In Conversation: Amy Adams and Rob Lyon, January 2022 

Amy Adams: The burning bush is an enduring metaphor—in the bible to represent a miraculous energy and in popular culture including a Radiohead song where the band bends the phrase in critique of then US President George Bush. In many of your works, there's a symmetrical tree with branches rendered with pieces of fiery red paint. Is this your burning bush? What does it represent to you?

Rob Lyon: I’m wary of unpacking the motifs. I regard them from the periphery with a mix of wonder and suspicion. Bulbous forms emerged during my partner’s pregnancy. I took them to be ciphers for fecundity. Although wholly inaccurate, they depicted yews, junipers, hawthorn, gorse—flora native to the South Downs, near to where I live in England. These continue to appear alongside the sharper, phallic forms of pines. Following my father’s death over a year ago, they have gently evolved into cross-like, funereal forms. But the red tree is not a tree I recognise. It doesn't belong there. It's an interloper, setting light to the landscape. It's painted last and glibly; quick flicks of a loaded fat brush. It’s the big finale, marking the painting’s completion. Until you asked me this, I hadn’t consciously thought of it as a burning bush in the religious tradition. That said, considering this as a possibility, I do see it as an incendiary latecomer—a raging, ecstatic, redemptive presence. There's no sense of its destruction. It burns bright yet remains standing. It’s a beacon. It endures. I expect it represents endurance.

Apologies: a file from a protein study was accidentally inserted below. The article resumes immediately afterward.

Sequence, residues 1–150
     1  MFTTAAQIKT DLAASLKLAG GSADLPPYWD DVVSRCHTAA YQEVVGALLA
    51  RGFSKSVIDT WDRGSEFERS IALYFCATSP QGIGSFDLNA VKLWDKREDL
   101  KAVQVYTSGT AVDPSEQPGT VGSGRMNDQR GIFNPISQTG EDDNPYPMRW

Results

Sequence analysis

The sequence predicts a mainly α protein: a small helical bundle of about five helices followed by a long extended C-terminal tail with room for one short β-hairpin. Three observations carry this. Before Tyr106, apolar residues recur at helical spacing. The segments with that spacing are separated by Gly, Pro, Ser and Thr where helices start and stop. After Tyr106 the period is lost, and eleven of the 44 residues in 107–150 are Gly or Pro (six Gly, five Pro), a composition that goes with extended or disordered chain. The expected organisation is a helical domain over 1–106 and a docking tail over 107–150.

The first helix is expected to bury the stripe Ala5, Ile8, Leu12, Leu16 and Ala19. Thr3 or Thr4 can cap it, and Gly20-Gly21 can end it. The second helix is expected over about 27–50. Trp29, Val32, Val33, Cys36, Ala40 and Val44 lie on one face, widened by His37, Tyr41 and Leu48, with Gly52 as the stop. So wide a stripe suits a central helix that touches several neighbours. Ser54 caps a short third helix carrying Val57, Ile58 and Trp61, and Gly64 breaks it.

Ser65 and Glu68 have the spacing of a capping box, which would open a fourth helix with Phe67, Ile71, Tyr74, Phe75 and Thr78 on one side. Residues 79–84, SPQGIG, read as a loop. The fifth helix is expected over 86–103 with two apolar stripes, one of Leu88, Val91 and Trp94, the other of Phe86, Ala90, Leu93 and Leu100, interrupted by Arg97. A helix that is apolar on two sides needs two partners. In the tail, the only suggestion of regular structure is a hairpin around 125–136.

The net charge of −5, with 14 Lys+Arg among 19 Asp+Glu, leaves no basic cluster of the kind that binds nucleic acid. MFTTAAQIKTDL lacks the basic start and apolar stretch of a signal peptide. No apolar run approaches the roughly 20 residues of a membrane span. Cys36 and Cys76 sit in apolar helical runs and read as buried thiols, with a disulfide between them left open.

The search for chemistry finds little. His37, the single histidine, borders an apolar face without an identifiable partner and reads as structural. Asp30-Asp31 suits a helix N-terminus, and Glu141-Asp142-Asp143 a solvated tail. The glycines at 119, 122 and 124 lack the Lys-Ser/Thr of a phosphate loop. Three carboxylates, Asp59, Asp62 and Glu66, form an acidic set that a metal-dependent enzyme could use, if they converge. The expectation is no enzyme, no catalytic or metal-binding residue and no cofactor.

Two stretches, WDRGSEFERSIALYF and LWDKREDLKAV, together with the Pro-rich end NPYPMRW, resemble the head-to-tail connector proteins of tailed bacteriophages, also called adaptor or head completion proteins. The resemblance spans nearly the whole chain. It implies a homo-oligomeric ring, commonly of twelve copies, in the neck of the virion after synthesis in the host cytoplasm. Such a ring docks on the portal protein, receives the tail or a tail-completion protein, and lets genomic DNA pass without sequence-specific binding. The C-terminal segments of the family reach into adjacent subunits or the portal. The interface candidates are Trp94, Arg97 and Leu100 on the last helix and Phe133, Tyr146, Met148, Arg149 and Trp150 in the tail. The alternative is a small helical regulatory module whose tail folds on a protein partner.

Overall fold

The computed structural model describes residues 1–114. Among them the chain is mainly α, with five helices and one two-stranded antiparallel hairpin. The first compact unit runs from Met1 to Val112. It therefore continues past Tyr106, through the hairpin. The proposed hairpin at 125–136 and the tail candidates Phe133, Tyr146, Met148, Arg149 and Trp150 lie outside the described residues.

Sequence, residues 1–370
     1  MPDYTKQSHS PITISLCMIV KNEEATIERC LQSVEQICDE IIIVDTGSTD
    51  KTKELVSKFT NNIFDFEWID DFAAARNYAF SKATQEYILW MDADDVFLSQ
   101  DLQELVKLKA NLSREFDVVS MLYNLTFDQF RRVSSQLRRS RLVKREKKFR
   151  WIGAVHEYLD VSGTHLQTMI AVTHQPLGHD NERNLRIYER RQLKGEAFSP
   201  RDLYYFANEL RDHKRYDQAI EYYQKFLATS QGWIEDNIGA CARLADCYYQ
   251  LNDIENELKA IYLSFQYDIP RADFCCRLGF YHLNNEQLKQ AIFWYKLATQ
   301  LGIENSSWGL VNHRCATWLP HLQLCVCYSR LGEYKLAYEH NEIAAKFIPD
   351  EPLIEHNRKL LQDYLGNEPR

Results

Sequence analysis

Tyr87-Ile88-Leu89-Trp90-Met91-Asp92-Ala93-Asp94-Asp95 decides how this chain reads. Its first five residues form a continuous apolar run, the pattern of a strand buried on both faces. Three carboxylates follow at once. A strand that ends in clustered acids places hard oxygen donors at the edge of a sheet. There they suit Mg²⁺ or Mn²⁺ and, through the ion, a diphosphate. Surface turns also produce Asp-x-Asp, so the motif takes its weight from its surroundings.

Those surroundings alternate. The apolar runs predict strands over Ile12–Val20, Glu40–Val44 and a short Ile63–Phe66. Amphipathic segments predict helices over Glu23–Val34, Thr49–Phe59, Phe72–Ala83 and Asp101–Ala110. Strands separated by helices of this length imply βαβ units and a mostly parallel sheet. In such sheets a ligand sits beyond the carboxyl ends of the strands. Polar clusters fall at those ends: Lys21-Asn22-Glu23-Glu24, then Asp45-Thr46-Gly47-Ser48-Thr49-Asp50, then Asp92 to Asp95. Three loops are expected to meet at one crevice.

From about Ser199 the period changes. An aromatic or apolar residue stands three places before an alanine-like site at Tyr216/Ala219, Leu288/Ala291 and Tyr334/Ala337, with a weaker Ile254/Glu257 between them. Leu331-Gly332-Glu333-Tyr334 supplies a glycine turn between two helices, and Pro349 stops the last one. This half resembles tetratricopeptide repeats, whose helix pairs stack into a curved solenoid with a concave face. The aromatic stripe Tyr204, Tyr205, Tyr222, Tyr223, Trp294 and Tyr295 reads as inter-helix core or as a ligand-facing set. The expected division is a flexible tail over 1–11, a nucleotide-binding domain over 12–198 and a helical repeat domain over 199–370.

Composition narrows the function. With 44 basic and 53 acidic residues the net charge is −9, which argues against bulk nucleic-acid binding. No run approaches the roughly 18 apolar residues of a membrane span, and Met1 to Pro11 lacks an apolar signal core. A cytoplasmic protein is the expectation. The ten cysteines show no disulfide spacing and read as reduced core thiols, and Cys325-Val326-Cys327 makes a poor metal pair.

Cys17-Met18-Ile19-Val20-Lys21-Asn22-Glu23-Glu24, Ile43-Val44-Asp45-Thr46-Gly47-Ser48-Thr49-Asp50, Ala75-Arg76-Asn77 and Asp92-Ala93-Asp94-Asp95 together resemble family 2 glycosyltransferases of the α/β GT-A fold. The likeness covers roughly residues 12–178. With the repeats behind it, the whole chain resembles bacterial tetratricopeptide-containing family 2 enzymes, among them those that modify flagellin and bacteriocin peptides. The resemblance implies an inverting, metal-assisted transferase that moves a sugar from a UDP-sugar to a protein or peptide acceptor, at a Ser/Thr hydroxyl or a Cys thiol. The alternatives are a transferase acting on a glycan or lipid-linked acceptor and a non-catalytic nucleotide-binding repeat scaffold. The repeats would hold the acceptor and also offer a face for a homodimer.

AA: You had mentioned to me that these paintings grew out of a daily practice of walking, itself an activity that has a long history of being explored through an artistic lens. Can you tell me a bit about your walking and how it relates to these paintings?

RL: Paul Klee defined drawing as “An active line on a walk, moving freely, without goal. A walk for a walk’s sake. The mobility agent is a point, shifting its position forward.” I walk as Klee drew. It is a way to manage grief, walking for walking’s sake, unburdened by particular memories or customs. It became a means of navigating beyond sadness’ jurisdiction, to move freely. It’s during these walks in the South Downs that ideas for paintings arise. Paul Nash wrote of a place’s ‘genius loci'—the ancient idea that a particular location possesses a spirit, its own particular magic. I experience this. On a walk last year, I discovered a hill near my mother’s home on which we, as a family, had somehow never walked, and during which I experienced an acute sense of communion. Many of my subsequent paintings draw from this hill, its spirit, and the encounters made there.

Photo: Rob Lyon

AA: I've never been to the South Downs. Could you describe for me the landscape? And how would you describe its spirit?

RL: They’re a long stretch of hills from Winchester—once the capital city of England—to Eastbourne, on the south coast. Pilgrims would traverse them to Winchester. The gently undulating contours and white cliffs have afforded them iconic status in the British mindset. The western end tends to be wilder, with ancient yew groves, Iron Age forts, and, as legend would have it, Viking burial grounds. The eastern end gives way to stark, open chalk grassland (from centuries of sheep grazing). If there’s drama, it’s in the steep chalk escarpments and white cliff edges that plunge into the sea. They’re the setting for extensive folklore.